[Date Prev][Date Next][Thread Prev][Thread Next][Date Index][Thread Index]

NANDO: Radikal

	I've sent (using wURLd Presence) the URLs of some of the mirror sites
to several search engines.

>     _________________________________________________________________
>   The Peanut Roaster
>     _________________________________________________________________
>   __________________________________________________________________________
>      Copyright &copy 1996 Nando.net
>      Copyright &copy 1996 Reuter Information Service
>   BONN (Sep 13, 1996 4:05 p.m. EDT) - Germany's Federal Prosecutor's
>   Office said on Friday it was investigating a number of so-called
>   Internet providers because they were giving computer subscribers
>   access to a radical left-wing electronic newspaper.
>   A spokesman for the office said the firms were suspected of inciting
>   criminal activity and advertising for a terrorist group because they
>   had failed to block access to the left-wing Internet page "radikal
>   154."
>   Among other things, the electronic site provides instructions on how
>   to sabotage railway lines. Prosecutors consider it to be terrorist
>   propaganda.
>   On Friday, the page was still available via major Internet providers
>   CompuServe Inc, AOL and T-Online, the online service of
>   telecommunications giant Deutsche Telekom.
>   AOL said in a statement that it was technically impossible to block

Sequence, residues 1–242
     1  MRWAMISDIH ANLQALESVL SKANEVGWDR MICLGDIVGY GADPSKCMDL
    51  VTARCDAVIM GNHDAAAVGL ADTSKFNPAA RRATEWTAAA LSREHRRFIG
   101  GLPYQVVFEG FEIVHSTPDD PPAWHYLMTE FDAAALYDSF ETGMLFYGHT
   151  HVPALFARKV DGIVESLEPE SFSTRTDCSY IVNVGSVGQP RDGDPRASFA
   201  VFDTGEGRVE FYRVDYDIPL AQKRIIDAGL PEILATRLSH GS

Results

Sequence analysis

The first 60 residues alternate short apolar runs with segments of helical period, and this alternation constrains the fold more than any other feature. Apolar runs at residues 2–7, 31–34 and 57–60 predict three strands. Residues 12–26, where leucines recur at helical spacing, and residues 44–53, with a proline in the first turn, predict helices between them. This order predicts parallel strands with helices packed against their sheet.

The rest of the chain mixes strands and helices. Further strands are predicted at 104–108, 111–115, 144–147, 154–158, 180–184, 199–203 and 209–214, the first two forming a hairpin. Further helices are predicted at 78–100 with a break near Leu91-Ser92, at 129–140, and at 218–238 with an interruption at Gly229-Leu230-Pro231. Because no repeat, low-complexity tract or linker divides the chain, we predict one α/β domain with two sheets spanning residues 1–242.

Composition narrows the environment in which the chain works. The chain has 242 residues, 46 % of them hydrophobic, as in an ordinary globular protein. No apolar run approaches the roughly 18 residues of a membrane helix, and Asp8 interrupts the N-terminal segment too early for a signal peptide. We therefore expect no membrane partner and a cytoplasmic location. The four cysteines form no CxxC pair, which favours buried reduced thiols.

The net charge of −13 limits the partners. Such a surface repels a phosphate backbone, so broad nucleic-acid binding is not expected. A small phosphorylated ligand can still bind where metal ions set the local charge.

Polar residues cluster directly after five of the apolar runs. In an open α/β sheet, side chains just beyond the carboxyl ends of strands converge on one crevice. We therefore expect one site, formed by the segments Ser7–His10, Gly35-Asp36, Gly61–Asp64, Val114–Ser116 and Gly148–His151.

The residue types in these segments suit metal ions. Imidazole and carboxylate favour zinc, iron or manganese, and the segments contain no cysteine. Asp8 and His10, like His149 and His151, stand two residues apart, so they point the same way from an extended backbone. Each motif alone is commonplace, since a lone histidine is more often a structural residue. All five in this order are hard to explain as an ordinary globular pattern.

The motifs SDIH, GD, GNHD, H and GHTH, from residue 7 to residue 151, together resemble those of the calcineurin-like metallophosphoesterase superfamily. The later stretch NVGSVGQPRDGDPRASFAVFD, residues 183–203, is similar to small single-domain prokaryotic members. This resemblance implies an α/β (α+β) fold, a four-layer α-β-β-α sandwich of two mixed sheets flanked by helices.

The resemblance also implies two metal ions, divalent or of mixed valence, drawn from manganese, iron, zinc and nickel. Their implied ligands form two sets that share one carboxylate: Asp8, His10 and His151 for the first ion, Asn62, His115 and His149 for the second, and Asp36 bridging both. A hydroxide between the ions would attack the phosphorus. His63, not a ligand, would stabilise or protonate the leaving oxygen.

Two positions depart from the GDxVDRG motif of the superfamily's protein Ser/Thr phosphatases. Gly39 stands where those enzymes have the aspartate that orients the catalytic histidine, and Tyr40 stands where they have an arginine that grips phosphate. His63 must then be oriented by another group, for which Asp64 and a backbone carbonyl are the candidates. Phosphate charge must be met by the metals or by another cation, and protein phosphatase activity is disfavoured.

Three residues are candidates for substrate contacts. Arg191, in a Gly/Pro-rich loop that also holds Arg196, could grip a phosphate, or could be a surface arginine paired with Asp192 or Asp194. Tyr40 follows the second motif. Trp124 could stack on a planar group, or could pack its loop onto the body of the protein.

>   the server where "radikal" originated, and that the page was anyway
>   now available via at least 30 other servers and in thousands of
>   electronic copies.
>   Authorities have been getting increasingly frustrated that radical
>   left- or right-wing material whose distribution is a criminal offence
>   in Germany can be picked up here on the Internet from computers in
>   foreign countries. The server where "radikal" originates is located in
>   the Netherlands.

>   Firms giving access to the Internet -- a network of interlinked
>   computers providing access to millions of electronic pages -- say they
>   are no more responsible for the contents than a telephone company is
>   for the conversations it carries.
>   On Thursday Germany's office for the protection of juveniles for the
>   first time put an Internet page -- produced in North America by
>   leading Nazi apologist Ernst Zuendel -- on its list of banned
>   publications.
>   But officials conceded that the move was likely to have little
>   practical effect, and provider T-Online said it had no intention of
>   blocking the page.


>    Copyright &copy 1996 Nando.net